For over twenty years, Helga Griffiths’ work has interrogated the boundary between human nature and environment. In multisensory installations, she researches the thresholds and limits of human perception through artistic and scientific means. These include spectacular works like a flight across the glacieresque landscape of her own brain she created in close collaboration with the Max Planck Institute for Brain Research in Frankfurt.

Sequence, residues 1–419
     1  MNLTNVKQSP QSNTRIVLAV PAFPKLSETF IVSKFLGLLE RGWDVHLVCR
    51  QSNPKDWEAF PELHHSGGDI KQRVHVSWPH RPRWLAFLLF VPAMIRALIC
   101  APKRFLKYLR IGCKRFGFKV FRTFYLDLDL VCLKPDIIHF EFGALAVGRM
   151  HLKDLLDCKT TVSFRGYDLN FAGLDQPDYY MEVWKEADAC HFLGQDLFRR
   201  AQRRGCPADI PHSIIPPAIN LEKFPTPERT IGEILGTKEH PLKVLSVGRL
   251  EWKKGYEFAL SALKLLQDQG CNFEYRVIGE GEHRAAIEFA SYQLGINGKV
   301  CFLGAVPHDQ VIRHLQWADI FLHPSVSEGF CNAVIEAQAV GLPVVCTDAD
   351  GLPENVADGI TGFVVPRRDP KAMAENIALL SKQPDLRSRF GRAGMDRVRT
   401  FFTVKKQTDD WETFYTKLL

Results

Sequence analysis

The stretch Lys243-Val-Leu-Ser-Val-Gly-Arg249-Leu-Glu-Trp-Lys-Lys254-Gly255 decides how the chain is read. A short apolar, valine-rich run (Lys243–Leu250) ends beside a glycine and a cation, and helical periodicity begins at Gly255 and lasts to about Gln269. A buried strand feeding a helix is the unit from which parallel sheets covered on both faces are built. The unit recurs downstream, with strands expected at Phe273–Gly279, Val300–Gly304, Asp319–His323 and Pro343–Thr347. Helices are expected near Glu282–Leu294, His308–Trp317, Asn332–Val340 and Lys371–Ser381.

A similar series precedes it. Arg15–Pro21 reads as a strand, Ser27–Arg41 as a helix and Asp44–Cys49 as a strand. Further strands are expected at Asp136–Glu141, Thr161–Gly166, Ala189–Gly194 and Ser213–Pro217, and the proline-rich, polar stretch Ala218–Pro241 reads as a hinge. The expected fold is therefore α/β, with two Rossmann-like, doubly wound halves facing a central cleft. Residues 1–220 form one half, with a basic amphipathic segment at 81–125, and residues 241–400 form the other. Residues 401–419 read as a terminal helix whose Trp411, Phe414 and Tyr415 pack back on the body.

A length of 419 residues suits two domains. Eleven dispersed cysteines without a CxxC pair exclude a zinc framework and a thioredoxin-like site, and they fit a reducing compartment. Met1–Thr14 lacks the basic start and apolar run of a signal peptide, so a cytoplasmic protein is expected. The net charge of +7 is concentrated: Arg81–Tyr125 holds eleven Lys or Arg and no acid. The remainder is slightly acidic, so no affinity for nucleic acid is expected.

Her works are based on the concept of an ‘experiential space’ – a multidimensional and multisensory space designed to evoke memories, feelings, and ideas in observers, or to confront them with visual, sonic, olfactory, or haptic stimuli that stem from the artist’s own realm of experience. Griffiths’ work often employs a special technique: the artist takes information that we perceive through one sense (e.g., sight or hearing) and transfers it to a different sense (e.g., smell). In this way, she creates a dialogue that unfolds on an indirect, intuitive plane – one that is capable of transcending and expanding conventional sensory experience.